'Such a vibe': Churchill Square hosts first Pride festival in 8 years
Hundreds of people gathered in front of Edmonton City Hall Saturday to celebrate the first large Pride event in the city in four years, and the first one in Churchill Square in eight.
"It's just a great feeling for everyone, I think," Jo Binkley said.
"It's such a vibe," Avery Wonitowy said.
First-time organizers Edmonton PrideFest led the two-day event.
"I've never seen so many beautiful people in one place. It's incredible," said executive producer Trevor Watson.
"When they lifted (pandemic) restrictions on events, a group of people came together and said, 'Hey we have two months! Let's plan a massive festival!'"
Edmonton's last big pride event was in 2018.
That's when a parade on Whyte Avenue was stopped by protesters, who demanded more diversity amongst the organizers.
RARICANow was one of the groups protesting in 2018. Members marched to the festival on Saturday as welcomed guests.
"These are members of the community who are still fighting for their basic human rights all over the world," explained Watson.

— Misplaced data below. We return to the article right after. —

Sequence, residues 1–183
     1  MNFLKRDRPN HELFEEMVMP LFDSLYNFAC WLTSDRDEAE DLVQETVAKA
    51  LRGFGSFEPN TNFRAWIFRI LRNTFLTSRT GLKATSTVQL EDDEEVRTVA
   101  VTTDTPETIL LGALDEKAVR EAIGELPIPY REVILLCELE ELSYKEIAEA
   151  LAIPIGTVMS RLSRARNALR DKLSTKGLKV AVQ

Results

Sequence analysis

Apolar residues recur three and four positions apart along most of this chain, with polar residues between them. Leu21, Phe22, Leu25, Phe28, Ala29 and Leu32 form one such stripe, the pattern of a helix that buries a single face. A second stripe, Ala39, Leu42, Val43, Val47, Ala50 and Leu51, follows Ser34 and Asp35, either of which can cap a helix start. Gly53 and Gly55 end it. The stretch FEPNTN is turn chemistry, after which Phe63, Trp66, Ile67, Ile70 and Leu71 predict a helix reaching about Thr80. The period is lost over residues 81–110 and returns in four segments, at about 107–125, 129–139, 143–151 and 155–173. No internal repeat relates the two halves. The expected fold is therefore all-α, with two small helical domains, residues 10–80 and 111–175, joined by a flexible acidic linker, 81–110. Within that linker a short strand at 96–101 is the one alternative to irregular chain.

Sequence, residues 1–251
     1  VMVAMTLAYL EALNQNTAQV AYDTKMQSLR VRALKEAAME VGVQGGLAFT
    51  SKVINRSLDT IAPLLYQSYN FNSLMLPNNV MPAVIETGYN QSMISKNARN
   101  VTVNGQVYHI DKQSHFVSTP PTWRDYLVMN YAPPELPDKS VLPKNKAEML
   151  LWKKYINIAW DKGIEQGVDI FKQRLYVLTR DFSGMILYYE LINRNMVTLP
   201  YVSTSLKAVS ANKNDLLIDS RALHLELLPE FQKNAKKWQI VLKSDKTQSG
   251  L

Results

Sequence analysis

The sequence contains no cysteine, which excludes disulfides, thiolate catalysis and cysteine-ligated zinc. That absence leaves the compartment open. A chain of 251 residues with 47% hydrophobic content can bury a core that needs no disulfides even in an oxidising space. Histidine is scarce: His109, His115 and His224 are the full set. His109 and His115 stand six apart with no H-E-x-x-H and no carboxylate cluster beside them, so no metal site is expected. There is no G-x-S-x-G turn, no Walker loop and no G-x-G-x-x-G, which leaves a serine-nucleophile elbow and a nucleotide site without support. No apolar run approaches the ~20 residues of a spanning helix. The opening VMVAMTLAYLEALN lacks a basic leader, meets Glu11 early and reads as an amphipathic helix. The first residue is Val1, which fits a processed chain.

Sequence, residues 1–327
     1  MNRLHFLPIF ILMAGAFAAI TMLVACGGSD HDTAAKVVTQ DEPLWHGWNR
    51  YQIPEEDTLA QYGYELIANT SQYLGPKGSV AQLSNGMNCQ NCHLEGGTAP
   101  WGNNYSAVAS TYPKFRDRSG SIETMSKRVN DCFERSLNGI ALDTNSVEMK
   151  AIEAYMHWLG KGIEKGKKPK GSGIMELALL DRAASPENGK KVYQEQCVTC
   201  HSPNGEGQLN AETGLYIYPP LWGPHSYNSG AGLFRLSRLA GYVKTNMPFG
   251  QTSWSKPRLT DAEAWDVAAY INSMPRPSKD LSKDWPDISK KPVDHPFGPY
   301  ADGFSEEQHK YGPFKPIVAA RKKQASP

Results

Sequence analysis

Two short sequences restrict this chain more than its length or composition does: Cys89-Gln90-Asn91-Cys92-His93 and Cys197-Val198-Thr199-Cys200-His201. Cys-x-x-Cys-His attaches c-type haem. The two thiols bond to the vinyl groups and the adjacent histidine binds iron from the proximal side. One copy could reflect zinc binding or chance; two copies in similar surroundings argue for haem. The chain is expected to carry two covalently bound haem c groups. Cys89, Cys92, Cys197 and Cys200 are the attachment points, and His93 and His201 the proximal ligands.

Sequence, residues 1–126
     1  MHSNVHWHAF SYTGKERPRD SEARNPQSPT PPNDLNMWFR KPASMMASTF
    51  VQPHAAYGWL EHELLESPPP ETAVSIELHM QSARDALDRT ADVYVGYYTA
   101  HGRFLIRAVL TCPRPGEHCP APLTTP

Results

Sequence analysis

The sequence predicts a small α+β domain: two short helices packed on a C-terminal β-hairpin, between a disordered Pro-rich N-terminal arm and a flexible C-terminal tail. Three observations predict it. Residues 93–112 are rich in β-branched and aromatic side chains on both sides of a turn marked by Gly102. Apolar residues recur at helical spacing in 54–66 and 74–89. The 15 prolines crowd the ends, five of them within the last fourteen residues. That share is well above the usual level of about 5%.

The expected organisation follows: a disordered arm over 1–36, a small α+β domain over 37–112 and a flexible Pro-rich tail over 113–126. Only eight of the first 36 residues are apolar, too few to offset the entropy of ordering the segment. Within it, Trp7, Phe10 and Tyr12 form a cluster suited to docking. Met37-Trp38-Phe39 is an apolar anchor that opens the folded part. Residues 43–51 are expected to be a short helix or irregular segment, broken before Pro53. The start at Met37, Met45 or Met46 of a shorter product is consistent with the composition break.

"Having these safe spaces, it really means life or death for so many people in our community."
"I think it's the mainstream LGBTQ+'s responsibility to utilize their privilege in order to uplift those voices," said Boyd Whiskeyjack, who was dressed in drag as Cedar T.
The event was an opportunity to celebrate new milestones.
"This is my first pride. I came out exactly two years ago as a trans woman," Andie Labelle Varias.
"Being able to like come out and do something in such a big group and in such a community that I felt like I've been cut off from for the last couple years is really exciting," said Zoe Bumanis.
Organizers hope to bring in more people from the community next year, with planning already underway.
"We are in talks of bringing back a large-scale event that stretches down a street and starts with a 'p,'" Watson said.
With files from CTV News Edmonton's Jessica Robb